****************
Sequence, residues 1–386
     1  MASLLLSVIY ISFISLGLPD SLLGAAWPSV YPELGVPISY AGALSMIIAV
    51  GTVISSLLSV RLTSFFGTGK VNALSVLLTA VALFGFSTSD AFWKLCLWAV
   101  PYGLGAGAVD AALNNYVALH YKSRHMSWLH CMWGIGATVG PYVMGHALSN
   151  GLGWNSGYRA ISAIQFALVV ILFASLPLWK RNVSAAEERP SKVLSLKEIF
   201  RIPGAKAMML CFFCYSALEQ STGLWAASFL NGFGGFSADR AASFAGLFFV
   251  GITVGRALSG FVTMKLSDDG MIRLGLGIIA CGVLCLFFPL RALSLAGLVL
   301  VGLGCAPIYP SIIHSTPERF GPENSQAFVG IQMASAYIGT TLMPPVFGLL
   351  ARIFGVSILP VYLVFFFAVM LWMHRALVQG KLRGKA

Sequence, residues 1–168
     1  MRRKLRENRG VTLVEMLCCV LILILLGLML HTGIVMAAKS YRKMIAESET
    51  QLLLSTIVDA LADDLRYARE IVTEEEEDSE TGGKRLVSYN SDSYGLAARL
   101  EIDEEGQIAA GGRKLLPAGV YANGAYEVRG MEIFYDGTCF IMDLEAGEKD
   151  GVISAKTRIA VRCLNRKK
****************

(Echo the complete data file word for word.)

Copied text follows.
Sequence, residues 1–386
     1  MASLLLSVIY ISFISLGLPD SLLGAAWPSV YPELGVPISY AGALSMIIAV
    51  GTVISSLLSV RLTSFFGTGK VNALSVLLTA VALFGFSTSD AFWKLCLWAV
   101  PYGLGAGAVD AALNNYVALH YKSRHMSWLH CMWGIGATVG PYVMGHALSN
   151  GLGWNSGYRA ISAIQFALVV ILFASLPLWK RNVSAAEERP SKVLSLKEIF
   201  RIPGAKAMML CFFCYSALEQ STGLWAASFL NGFGGFSADR AASFAGLFFV
   251  GITVGRALSG FVTMKLSDDG MIRLGLGIIA CGVLCLFFPL RALSLAGLVL
   301  VGLGCAPIYP SIIHSTPERF GPENSQAFVG IQMASAYIGT TLMPPVFGLL
   351  ARIFGVSILP VYLVFFFAVM LWMHRALVQG KLRGKA

Sequence, residues 1–168
     1  MRRKLRENRG VTLVEMLCCV LILILLGLML HTGIVMAAKS YRKMIAESET
    51  QLLLSTIVDA LADDLRYARE IVTEEEEDSE TGGKRLVSYN SDSYGLAARL
   101  EIDEEGQIAA GGRKLLPAGV YANGAYEVRG MEIFYDGTCF IMDLEAGEKD
   151  GVISAKTRIA VRCLNRKK